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Edward Carpenter (1920) - Pagan and Christian Creeds

Edward Carpenter (1920) - Pagan and Christian Creeds

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Published by: patxieaguirre on Jun 04, 2011
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PAGAN AND CHRISTIAN CREEDS Their Origin and Meaning BY EDWARD CARPENTER LONDON GEORGE ALLEN AND UNWIN LTD.Ruskin House, 40 Museum Street, W.C.1First published in 1920 All rights Reserved 
"The different religions being lame attempts to represent under various guises this one root-fact of the central universal life, men have at all times clung to the religious creeds and rituals and ceremonials as symbolising in some rude way the redemption and fulfilment of their own most intimate natures - and this whether consciously understanding the interpretations, or whether (as most often) only doing so in an unconscious or quite subconscious way." The Drama of Love and Death, p. 96.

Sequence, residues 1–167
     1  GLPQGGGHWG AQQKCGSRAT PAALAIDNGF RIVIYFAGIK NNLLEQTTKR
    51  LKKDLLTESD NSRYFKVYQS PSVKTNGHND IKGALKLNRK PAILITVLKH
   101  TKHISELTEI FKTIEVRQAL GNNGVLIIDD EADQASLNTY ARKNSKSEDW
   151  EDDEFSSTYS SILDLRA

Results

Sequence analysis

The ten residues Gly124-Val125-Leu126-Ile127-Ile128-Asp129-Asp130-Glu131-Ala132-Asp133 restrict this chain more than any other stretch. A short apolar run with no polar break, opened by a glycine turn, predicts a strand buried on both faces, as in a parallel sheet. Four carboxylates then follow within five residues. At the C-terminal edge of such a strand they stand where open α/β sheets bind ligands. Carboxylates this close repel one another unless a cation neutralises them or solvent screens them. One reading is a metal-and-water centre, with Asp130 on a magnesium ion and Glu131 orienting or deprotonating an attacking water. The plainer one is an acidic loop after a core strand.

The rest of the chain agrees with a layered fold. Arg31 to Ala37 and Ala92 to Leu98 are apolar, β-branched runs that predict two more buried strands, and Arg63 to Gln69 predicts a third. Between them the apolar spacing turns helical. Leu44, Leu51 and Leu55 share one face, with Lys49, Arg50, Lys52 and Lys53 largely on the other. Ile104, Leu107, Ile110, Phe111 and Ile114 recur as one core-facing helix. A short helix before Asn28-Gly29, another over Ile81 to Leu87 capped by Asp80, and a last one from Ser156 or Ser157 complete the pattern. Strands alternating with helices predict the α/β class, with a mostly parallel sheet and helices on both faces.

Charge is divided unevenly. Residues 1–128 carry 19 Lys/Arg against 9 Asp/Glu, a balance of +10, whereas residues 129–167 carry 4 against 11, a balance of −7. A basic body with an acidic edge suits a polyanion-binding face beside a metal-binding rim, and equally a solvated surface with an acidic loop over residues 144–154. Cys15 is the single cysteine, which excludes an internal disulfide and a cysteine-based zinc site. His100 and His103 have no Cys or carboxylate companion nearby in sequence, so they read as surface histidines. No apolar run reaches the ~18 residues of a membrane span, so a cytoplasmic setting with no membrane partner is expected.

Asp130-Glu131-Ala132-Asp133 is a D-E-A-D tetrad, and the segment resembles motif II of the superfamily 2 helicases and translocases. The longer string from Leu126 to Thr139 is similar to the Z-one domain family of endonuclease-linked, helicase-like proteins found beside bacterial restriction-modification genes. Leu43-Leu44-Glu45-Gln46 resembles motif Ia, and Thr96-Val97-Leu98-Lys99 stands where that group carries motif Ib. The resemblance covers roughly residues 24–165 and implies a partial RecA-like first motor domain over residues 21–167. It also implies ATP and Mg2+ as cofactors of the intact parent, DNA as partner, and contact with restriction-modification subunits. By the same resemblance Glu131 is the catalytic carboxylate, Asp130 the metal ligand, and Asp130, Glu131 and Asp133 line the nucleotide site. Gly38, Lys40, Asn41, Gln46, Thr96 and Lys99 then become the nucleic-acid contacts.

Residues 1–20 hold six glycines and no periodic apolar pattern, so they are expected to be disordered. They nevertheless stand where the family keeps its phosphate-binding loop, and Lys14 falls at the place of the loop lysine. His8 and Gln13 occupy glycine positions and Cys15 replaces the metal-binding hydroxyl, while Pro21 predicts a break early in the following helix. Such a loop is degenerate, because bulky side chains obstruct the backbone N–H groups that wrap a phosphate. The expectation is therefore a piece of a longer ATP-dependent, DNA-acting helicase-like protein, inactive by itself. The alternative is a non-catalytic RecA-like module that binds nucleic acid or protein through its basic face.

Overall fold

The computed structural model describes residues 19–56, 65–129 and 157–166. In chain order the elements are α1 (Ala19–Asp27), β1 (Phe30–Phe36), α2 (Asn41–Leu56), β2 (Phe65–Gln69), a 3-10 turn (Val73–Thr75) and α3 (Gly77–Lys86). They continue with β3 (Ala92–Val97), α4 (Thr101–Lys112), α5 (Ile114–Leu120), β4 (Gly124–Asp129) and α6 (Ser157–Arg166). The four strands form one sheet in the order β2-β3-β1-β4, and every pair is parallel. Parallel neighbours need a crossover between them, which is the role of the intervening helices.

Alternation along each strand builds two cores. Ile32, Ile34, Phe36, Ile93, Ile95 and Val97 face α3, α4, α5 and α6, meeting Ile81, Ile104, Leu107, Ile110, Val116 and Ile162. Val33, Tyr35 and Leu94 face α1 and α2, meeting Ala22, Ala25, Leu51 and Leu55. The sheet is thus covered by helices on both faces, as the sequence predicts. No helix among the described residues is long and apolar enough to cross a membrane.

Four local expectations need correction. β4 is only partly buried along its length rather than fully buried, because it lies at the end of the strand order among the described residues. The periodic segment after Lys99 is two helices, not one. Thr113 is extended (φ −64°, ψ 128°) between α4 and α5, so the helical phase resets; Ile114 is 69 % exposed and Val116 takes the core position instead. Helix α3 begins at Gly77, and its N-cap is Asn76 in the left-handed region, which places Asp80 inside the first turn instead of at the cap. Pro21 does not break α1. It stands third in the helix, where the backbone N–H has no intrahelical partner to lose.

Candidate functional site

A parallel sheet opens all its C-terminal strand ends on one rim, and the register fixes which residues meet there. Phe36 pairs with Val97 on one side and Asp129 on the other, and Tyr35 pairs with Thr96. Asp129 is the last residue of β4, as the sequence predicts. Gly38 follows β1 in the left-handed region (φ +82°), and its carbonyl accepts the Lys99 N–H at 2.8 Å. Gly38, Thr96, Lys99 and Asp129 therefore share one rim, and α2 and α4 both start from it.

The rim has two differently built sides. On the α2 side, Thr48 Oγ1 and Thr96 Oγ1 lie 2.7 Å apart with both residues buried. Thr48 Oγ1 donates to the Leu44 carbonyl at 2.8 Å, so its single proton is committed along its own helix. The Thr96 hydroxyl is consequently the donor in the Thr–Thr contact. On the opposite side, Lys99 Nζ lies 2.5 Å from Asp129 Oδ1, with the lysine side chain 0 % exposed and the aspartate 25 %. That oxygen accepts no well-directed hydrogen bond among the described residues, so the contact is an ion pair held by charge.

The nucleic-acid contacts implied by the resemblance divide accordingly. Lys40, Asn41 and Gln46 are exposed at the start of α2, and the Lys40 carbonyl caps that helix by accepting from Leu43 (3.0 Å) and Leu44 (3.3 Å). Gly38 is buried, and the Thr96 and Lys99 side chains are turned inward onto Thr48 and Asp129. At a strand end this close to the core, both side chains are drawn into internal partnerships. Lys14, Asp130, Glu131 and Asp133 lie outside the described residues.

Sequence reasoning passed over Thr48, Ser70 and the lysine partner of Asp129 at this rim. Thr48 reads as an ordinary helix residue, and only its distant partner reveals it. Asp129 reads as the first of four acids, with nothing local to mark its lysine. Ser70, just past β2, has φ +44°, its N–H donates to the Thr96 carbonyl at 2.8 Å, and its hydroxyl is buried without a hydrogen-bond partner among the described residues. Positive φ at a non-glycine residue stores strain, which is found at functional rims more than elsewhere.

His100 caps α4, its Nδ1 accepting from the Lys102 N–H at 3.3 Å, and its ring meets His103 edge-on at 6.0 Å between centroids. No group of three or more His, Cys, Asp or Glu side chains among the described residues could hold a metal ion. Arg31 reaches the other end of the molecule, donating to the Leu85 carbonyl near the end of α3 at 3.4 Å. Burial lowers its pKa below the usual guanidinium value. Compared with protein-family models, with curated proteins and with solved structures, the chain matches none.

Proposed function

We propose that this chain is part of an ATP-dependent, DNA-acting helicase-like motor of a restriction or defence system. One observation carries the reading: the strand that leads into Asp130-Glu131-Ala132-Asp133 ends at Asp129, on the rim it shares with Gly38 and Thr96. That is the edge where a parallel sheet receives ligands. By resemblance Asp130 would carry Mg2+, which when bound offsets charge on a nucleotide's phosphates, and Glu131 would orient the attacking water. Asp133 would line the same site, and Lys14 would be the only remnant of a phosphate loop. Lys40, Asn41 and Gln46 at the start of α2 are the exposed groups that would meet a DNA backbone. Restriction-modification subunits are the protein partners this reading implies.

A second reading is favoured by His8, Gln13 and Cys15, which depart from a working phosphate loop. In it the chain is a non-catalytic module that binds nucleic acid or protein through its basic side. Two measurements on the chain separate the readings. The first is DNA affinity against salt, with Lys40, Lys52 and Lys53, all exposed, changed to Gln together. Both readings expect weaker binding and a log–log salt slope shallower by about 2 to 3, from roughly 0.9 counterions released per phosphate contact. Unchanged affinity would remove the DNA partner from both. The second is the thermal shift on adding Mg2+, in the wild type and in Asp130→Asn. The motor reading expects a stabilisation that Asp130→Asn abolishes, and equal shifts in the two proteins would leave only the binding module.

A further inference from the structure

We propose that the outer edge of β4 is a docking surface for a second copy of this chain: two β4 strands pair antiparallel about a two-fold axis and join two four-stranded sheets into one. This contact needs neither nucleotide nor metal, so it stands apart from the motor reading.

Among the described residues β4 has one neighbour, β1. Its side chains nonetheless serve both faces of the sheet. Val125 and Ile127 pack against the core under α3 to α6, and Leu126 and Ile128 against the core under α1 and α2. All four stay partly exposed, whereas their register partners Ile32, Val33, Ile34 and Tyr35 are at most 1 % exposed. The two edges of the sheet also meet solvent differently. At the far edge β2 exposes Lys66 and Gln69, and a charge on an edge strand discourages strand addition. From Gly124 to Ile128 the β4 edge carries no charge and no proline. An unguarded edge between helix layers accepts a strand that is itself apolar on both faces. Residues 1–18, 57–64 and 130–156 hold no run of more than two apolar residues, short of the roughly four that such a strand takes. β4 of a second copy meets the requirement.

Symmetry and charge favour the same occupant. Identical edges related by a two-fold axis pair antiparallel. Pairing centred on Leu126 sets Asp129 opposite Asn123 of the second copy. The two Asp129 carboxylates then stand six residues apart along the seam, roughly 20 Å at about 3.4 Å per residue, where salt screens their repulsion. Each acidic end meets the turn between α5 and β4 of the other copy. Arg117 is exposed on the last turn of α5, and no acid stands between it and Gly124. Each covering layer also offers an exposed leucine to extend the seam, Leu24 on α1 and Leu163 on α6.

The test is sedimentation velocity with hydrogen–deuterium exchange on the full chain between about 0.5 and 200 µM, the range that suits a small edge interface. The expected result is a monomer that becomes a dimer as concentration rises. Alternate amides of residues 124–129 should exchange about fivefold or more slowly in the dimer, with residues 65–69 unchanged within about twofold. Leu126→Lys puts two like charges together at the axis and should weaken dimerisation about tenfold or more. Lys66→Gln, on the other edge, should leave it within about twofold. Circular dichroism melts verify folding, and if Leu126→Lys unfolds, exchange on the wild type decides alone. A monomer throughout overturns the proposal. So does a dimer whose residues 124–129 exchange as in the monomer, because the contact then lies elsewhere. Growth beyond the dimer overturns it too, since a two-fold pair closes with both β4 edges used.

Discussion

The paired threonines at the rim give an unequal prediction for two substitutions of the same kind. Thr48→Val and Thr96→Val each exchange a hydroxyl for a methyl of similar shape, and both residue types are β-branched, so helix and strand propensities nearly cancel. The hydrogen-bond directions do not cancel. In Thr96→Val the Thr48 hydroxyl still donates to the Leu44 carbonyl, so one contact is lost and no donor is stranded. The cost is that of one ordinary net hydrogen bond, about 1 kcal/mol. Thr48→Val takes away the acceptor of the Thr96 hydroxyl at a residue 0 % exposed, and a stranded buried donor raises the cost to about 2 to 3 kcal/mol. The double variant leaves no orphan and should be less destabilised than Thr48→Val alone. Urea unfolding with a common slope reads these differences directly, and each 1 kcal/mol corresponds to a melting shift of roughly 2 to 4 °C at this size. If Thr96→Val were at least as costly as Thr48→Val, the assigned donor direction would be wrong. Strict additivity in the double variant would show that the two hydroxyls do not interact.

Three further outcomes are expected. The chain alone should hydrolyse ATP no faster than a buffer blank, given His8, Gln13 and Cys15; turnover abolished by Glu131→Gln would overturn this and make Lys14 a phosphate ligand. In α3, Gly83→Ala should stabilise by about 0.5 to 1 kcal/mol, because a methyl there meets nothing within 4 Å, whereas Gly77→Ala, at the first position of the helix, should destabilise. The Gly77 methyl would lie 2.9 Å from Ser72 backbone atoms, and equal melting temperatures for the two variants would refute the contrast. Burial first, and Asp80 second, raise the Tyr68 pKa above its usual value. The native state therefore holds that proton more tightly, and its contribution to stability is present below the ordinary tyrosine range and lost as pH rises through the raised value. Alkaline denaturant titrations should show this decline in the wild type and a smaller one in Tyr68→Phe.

Chapter One 
The subject of Religious Origins is afascinating one, as the great multitude ofbooks upon it, published in late years,tends to show. Indeed the great difficultyto-day in dealing with the subject, lies inthe very mass of the material to hand -andthat not only on account of the laborinvolved in sorting the material, butbecause the abundance itself of factsopens up temptation to a student in thisdepartment of Anthropology (as happensalso in other branches of general Science)to rush in too hastily with what seems aplausible theory. The more facts, statistics,and so forth, there are available in anyinvestigation, the easier it is to pick out aconsiderable number which will fit a giventheory. The other facts being neglected orignored, the views put forward enjoy for atime a great vogue. Then inevitably, and ata later time, new or neglected facts alterthe outlook, and a new perspective isestablished.There is also in these matters of Science(though many scientific men woulddoubtless deny this) a great deal of'Fashion'. Such has been notoriously thecase in Political Economy, Medicine,Geology, and even in such definite studiesas Physics and Chemistry. In acomparatively recent science, like that withwhich we are now concerned, one wouldnaturally expect variations. A hundred and

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